The extraordinary thing about Loren is that he and his voice don’t age. He still sounds like he’s 16. It’s just weird! [Laughs] So he came in and started doing the character and I thought, “We’re both just falling right back into where we were 25 years ago, it’s bizarre!” But he’s a good actor and it was fun being back in the booth with him.
You’ve worked with legendary voice director Andrea Romano for decades. For this movie, Wes Gleason was the voice director. In what ways are they similar and how do they differ?
Wes has been someone I’ve been working with more recently because he’s casting and directing the new series we’re doing – Justice League Action. So I’ve gotten to know him over the last year. The similarity with Andrea is that he likes actors, as Andrea does. A little dirty secret in Hollywood is that a lot of people don’t like actors, and they don’t respect them. What makes Andrea unique is that she loves and respects actors, and I discovered the same thing about Wes. The nice thing about working with someone like that is that you trust them. There’s an innate trust that they have your best wishes at heart, and they want you to be good and perform well. And when there’s that type of comfort in a room, you tend to be more free emotionally, and more free in terms of experimenting. When you feel that you’re surrounded by people who support you then you can take bigger risks. If you feel like you’re surrounded by people who are judging you or resent you, it’s harder to be creatively free and take chances. The nice thing about Wes is he creates a very supportive and loving atmosphere in the booth, and it’s so much like Andrea.
You’ve been voicing the character for so long and we’ve seen him in so many different situations. Is there anything you still want to explore with the character?
There’s stories I still want to do. Hush would be cool. Death in the Family would be cool. I’d love to do some more movies with some of those stories.
I’m also a big fan of Batman Beyond. How did you react when you got that script which said Bruce was Terry’s biological father?
[Does Darth Vader impression] Luke, I am your Father… [Laughs]. I loved it. I thought it was great. I couldn’t believe it when I first read Batman Beyond – “Someone else is going to be Batman in this? Why aren’t I doing Batman?” They said “because you’re too old” and I was like “I’m not too old!” It’s a cruel business…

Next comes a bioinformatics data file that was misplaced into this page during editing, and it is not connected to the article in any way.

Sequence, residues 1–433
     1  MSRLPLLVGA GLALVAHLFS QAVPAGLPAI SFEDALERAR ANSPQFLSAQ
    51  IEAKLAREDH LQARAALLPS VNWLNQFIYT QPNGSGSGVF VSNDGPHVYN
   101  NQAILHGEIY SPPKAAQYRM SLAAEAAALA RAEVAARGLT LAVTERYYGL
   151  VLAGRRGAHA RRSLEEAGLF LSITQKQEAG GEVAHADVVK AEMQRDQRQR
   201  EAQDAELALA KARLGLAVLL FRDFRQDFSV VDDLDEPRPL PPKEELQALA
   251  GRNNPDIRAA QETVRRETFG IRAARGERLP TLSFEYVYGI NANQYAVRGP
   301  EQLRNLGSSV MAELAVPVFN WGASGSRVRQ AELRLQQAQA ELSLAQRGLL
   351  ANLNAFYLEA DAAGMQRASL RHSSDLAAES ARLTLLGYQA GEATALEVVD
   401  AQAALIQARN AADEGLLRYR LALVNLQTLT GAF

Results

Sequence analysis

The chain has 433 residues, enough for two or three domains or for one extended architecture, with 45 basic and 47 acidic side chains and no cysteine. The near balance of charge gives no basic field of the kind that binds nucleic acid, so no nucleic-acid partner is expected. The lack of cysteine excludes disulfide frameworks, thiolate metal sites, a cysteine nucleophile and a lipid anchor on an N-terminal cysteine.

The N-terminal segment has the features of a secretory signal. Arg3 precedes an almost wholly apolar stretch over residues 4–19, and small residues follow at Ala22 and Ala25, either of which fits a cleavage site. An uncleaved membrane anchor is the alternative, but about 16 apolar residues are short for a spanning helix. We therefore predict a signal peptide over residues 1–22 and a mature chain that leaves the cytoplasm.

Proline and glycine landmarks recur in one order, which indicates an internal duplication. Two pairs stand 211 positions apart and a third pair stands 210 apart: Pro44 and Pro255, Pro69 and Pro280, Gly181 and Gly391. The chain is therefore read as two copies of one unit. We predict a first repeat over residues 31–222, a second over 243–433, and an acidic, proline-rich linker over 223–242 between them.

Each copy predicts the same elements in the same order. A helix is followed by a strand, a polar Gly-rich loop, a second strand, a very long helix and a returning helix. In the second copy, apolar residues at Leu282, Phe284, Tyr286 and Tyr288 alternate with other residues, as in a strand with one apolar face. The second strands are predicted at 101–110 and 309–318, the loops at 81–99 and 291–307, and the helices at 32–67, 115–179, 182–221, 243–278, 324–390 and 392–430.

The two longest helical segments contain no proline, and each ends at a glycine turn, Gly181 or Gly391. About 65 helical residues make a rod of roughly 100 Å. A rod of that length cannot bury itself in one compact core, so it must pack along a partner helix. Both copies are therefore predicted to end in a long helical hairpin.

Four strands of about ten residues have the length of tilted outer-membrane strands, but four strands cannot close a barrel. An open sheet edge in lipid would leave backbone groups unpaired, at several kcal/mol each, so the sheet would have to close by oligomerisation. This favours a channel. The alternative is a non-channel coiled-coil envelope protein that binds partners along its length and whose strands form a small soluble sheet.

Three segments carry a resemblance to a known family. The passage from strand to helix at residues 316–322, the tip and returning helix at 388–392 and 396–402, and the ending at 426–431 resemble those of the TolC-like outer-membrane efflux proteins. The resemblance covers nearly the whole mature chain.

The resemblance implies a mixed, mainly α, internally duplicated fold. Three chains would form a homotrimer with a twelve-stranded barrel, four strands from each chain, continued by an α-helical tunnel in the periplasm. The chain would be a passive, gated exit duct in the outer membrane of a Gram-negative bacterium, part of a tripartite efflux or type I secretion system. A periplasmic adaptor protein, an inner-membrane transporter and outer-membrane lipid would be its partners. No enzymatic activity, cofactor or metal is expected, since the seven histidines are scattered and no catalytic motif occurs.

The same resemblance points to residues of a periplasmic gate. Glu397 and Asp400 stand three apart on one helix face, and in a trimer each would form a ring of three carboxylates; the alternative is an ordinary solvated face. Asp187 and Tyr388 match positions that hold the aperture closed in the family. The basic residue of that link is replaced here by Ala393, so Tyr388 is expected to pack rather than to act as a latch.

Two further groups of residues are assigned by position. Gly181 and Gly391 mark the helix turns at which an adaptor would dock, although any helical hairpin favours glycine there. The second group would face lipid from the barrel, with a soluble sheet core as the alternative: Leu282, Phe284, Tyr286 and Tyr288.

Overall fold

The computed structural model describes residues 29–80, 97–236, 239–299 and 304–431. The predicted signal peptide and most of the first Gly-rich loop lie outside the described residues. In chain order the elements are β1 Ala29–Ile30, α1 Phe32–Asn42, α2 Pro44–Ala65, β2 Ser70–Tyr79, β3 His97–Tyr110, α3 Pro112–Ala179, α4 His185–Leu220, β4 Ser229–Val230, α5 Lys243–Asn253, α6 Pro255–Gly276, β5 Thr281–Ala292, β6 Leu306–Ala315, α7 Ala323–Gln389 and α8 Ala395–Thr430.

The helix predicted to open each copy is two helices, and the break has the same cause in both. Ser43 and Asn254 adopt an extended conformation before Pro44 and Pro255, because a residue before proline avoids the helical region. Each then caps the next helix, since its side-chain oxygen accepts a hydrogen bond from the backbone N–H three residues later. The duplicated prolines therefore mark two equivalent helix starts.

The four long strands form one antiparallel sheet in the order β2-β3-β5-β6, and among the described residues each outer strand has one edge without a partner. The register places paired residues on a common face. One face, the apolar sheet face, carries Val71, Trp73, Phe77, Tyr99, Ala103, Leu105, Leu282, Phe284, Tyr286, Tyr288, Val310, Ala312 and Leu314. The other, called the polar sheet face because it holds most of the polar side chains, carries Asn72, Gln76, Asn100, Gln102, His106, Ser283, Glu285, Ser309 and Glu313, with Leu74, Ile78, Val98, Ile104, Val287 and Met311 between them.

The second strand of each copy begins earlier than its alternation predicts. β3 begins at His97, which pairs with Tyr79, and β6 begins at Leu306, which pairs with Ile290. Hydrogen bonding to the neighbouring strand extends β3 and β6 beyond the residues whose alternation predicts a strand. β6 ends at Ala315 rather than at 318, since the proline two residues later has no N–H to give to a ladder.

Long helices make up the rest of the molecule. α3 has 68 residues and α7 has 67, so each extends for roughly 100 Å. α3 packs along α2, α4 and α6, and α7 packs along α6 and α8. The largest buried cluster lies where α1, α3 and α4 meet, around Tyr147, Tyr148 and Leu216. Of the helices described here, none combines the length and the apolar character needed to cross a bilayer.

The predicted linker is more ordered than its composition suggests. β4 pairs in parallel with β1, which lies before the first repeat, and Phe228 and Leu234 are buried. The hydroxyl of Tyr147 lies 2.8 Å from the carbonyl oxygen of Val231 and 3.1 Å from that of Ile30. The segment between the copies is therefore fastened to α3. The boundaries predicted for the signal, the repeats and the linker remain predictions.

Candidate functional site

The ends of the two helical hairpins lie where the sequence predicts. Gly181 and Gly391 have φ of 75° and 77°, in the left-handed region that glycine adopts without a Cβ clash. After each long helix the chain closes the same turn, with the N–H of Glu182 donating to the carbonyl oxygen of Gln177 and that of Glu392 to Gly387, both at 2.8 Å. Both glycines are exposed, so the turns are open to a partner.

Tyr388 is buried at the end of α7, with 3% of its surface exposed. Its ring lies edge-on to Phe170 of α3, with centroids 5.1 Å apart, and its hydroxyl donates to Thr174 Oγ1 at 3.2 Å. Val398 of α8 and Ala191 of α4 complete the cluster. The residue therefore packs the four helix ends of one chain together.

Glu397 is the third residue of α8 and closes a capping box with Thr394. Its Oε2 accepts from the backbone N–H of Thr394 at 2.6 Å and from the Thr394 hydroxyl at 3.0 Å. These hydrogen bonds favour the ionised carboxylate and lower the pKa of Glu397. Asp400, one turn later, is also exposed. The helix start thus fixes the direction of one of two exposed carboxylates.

I love working with Will Friedle [who plays Terry McGinnis in Batman Beyond]. To have those years with him was fun. But I loved when it turned out that Batman was his father. That’s perfect, dramatically, and I hope there’s going to be another Batman Beyond movie. That’d be cool.
My favourite Batman movie – animated or otherwise – is Batman: Mask of the Phantasm. What are your memories of working on that?
I agree with you – I think that is the best Batman movie, live action or animated. You get the whole genesis of the Batman story in that one film. And then you’ve got the drama, falling in love with Andrea Beaumont, wanting to have a normal life, pleading with his parents grave to release him from the vow and then realising he’s doomed to avenge their deaths. He’s trapped in his fate. It’s a great, classic, tragic movie.
When you work on things like that you don’t realise you’re working on something that’s going to become so iconic. We recorded that movie and it was just like “Oh great, we get to record a Batman movie, this’ll be fun”. None of us knew that it was going to become this time tested iconic film.
Batman and Harley Quinn is out now on Digital Download, Blu-ray, and DVD.
Many thanks to Kevin Conroy for taking the time for this interview.